Spring 2018
As Jenny Perez (Class of ’21) watched a team of doctors treat her husband, 25-year-old Greg Morgan, for a rare form of cancer, she decided to finally take the MCAT and apply to medical school. For years, med school was just a hope, something she talked about. But seeing the way doctors tailored their treatment for Morgan to align with his specific end-of-life needs motivated her. It also changed her view on patient care; she realized how critical quality of life is for patients. 
“I feel like I can give back in that way,” says Perez, who is class president. She hopes to become a neurosurgeon: 
“When someone needs surgery for a brain tumor, you may not always be able to save their life, but you have the opportunity to make the rest of their life as good as it can be.”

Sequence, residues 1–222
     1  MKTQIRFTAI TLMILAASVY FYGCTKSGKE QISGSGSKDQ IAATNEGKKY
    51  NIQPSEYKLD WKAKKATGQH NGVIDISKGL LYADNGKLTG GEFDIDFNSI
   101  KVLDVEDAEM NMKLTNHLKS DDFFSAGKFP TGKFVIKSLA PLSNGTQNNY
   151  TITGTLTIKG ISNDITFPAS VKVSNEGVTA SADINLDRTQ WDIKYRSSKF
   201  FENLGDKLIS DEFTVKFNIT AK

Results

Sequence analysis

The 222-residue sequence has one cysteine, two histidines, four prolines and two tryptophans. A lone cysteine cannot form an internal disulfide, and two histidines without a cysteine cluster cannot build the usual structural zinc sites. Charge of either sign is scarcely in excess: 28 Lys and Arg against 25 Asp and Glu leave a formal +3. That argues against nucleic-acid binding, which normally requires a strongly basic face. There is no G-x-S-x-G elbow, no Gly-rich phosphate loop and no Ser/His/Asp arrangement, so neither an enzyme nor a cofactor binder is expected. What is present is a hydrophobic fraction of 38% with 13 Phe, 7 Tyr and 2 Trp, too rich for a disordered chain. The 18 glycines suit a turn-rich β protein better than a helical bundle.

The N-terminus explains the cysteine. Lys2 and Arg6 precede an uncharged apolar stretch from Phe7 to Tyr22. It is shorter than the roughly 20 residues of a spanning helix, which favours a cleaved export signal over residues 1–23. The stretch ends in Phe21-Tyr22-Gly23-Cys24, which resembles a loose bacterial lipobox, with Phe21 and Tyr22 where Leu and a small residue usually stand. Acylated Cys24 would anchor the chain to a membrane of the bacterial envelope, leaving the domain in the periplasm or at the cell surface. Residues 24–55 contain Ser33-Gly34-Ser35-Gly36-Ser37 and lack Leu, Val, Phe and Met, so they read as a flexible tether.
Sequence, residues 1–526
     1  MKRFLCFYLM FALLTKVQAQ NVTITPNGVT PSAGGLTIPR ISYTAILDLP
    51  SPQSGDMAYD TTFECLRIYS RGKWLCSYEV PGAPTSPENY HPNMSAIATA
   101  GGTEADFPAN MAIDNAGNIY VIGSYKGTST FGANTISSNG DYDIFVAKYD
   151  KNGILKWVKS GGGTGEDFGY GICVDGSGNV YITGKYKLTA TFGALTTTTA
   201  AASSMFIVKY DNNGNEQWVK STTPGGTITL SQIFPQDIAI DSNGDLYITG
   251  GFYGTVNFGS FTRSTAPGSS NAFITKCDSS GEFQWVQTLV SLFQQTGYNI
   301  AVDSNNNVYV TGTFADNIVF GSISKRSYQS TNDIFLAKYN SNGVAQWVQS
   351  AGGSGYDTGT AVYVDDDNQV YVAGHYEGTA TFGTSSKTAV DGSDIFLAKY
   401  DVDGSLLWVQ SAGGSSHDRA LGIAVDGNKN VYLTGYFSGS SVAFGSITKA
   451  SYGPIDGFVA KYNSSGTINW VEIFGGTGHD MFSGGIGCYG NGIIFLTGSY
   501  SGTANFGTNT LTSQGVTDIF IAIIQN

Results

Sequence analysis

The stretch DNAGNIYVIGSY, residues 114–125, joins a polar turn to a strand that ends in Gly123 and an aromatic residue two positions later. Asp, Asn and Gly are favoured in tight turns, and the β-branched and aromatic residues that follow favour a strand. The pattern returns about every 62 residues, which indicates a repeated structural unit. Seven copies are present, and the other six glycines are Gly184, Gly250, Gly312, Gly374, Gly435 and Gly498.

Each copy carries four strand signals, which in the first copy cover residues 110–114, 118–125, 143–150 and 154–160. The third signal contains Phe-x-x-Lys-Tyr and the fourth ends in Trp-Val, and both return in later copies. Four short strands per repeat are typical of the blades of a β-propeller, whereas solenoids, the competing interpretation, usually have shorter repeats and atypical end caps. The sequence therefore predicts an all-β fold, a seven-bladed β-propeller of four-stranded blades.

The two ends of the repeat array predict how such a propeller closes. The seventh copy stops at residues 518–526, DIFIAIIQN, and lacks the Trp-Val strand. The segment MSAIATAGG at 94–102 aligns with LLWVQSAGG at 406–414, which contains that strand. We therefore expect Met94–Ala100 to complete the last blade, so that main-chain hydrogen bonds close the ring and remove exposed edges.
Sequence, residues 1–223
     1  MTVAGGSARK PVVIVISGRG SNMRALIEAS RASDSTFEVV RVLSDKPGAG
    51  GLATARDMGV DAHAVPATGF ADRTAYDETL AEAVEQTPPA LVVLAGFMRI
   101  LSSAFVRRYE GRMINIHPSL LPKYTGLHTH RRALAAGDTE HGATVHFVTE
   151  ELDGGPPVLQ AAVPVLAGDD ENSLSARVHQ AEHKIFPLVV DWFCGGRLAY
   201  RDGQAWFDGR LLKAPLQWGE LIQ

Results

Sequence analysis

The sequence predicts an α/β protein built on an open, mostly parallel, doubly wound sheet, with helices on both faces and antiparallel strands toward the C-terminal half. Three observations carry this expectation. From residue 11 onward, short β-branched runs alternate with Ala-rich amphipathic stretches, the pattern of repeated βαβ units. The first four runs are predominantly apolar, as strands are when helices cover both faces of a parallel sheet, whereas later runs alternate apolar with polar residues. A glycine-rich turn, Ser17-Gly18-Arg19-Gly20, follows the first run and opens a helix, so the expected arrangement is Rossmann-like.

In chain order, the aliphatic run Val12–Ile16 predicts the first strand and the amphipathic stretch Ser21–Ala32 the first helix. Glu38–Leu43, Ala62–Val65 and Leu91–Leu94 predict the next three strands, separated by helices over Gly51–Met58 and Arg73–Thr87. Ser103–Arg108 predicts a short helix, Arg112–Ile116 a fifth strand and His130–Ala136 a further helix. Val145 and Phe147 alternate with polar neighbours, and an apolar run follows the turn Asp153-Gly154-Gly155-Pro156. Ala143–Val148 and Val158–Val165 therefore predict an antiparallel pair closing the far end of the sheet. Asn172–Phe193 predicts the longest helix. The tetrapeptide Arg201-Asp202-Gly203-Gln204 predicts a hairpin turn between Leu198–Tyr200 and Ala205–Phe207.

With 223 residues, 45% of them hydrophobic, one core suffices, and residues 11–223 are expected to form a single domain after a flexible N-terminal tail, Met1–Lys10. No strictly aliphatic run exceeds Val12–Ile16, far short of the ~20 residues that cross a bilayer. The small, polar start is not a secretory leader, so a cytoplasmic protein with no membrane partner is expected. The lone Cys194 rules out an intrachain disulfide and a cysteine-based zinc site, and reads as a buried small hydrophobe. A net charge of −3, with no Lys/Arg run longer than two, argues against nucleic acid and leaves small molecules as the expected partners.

The couple lived in Seattle. He was a research assistant at the University of Washington. Perez had just completed her PhD in anatomy and cell biology at Wayne State University School of Medicine in Detroit and was working as a senior fellow at the University of Washington School of Medicine.
But then Morgan suffered a string of seemingly innocent symptoms—he experienced a swollen neck and headaches and lost his sense of smell. Morgan was diagnosed with sinonasal undifferentiated carcinoma, which accounts for only 3 percent of all head and neck malignancies. An aggressive round of chemotherapy and proton radiation therapy shrunk the original tumors, but the cancer had spread to his brain fluid. Through it all, Morgan’s positive attitude never waned.
Perez says watching her husband die was a horrible, traumatic experience—the worst thing that ever happened to her. But, it also made her stronger and more patient.
“People get so worked up about things, and I’m just like, ‘It’s fine.’ I’m able to remain calm so well now.”